The Balcony Scene

ChasingART is celebrating Valentine’s Day 2020 on the balcony with Romeo and Juliet.

The play, Romeo and Juliet, by William Shakespeare is the most famous love story in the English literary tradition.

Love at first sight carries the depth and breadth of emotional passion exemplified by Romeo and Juliet.  Is it possible that love can spring up with such urgency and speed?  We want to believe it and yet, there is uncertainty, almost a mistrust. We hope, against hope, that the play will have a happy ending –  Romeo and Juliet alive, the parents happy and families united.  Alas….

Over the years, Romeo and Juliet’s balcony scene is irresistible – to writers, poets and painters.  We never tire of hearing the words, especially on the day that commemorates love.

But soft! What light through yonder window breaks?
It is the east, and Juliet is the sun.
Arise, fair sun, and kill the envious moon,
Who is already sick and pale with grief,
That thou, her maid, art far more fair than she.
Be not her maid since she is envious.
Her vestal livery is but sick and green,
And none but fools do wear it. Cast it off!

Enter the scene, Francesco Hayez, an Italian painter who lived from 1791 – 1882. As the leading artist of Romanticism in mid-19th-century Milan,  he is remembered for his grand historical paintings, political allegories, and exceptionally fine portraits. A poignant goodbye, an early morning, sunshine and a final kiss.

Romeo & Juliet by Francesco (1791 – 1882)

It is my lady. Oh, it is my love.
Oh, that she knew she were!
She speaks, yet she says nothing. What of that?
Her eye discourses. I will answer it.—
I am too bold. ‘Tis not to me she speaks.

Enter the scene, Ford Madox Brown (1821 – 1893),  a British painter of moral and historical subjects, that leaned toward the Pre-Raphaelite style of capturing a narrative. Brilliant colours and flowing garments add drama to the final goodbye.  Juliet’s closed eyes, a subtle portent of tragedy.

Romeo & Juliet Ford Madox Brown (1821 – 1893),

Two of the fairest stars in all the heaven,
Having some business, do entreat her eyes
To twinkle in their spheres till they return.
What if her eyes were there, they in her head?
The brightness of her cheek would shame those stars

Enter the scene, Sir Francis Bernard Dicksee (1853 – 1928), an English Victoria painter, who loved to portray dramatic literary, historical, and legendary scenes.  Fashionable Victorian women trusted him to paint their portraits, which led to a very successful career. Those climbing vines lend to symbolism of movement, as if there there is no turning back.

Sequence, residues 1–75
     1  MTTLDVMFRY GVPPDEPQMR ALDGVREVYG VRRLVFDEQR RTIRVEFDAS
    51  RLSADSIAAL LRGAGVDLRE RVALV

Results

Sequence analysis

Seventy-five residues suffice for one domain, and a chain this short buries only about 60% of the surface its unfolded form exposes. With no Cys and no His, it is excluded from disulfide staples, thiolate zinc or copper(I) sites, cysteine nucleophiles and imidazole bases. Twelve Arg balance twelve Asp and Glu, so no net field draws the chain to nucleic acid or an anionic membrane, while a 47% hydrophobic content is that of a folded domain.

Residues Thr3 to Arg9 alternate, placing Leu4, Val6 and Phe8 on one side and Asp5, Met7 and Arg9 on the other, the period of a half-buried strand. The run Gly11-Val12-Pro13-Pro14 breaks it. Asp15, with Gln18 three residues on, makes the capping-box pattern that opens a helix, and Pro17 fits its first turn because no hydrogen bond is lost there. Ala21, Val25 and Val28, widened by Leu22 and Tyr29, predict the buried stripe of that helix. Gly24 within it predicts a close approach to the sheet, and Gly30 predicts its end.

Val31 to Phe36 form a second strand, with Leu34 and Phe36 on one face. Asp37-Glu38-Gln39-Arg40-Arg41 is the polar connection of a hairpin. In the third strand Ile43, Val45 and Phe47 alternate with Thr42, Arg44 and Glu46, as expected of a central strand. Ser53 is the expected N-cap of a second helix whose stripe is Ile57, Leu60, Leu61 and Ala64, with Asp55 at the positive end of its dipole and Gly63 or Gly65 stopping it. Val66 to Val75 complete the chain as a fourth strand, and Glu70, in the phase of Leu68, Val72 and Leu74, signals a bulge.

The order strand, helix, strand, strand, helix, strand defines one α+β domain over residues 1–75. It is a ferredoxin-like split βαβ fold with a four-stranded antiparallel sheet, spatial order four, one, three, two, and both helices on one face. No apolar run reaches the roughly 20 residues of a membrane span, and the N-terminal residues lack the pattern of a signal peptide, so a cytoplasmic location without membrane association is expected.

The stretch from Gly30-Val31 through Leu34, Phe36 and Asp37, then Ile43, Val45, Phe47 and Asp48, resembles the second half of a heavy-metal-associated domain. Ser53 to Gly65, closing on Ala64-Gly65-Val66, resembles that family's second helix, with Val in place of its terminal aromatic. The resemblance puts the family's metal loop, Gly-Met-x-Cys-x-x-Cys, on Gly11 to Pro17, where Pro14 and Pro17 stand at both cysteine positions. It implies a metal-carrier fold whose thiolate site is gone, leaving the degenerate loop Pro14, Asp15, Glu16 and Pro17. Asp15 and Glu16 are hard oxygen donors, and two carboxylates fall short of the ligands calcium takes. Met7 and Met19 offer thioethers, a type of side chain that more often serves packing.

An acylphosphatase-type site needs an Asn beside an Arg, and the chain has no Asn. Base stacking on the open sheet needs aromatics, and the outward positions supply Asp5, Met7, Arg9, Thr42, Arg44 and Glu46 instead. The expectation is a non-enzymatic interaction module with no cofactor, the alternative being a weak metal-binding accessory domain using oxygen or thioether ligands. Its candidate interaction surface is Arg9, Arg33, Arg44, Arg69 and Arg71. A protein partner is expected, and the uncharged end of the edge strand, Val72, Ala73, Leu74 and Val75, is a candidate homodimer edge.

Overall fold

Romeo & Juliet Sir Francis Bernard Dicksee (1853 – 1928),

As daylight doth a lamp. Her eye in heaven
Would through the airy region stream so bright
That birds would sing and think it were not night.
See how she leans her cheek upon her hand.
Oh, that I were a glove upon that hand
That I might touch that cheek!

William Shakespeare, Romeo and Juliet Act 2 Scene 2

Happy Valentine’s Day from ChasingART. Let us celebrate love for it has the power to shine brightly even in the darkest places.

Published by Rebecca Budd

Blogger, Visual Storyteller, Podcaster, Traveler and Life-long Learner

3 thoughts on “The Balcony Scene

  1. Can’t believe I didn’t leave a comment!
    This is one of my most fave stories….EVER!
    Gorgeous paintings. Did you ever see the 1968 Franco Zeffirelli film, Romeo and Juliette. It’s perfect.
    It looks like a painting. The entire movie looks like a painting. I watch it once every couple of years. No one will ever surpass it.

    Liked by 1 person

    1. I loved that film and yes, the entire movie did look like a painting. I remember seeing it when it first came out. The costumes and settings were extraordinary – elegant and luxurious. I felt I had gone back into time and found that it took a few minutes to adjust to reality once I left the movie theatre. Powerful and unforgettable.

      Liked by 1 person

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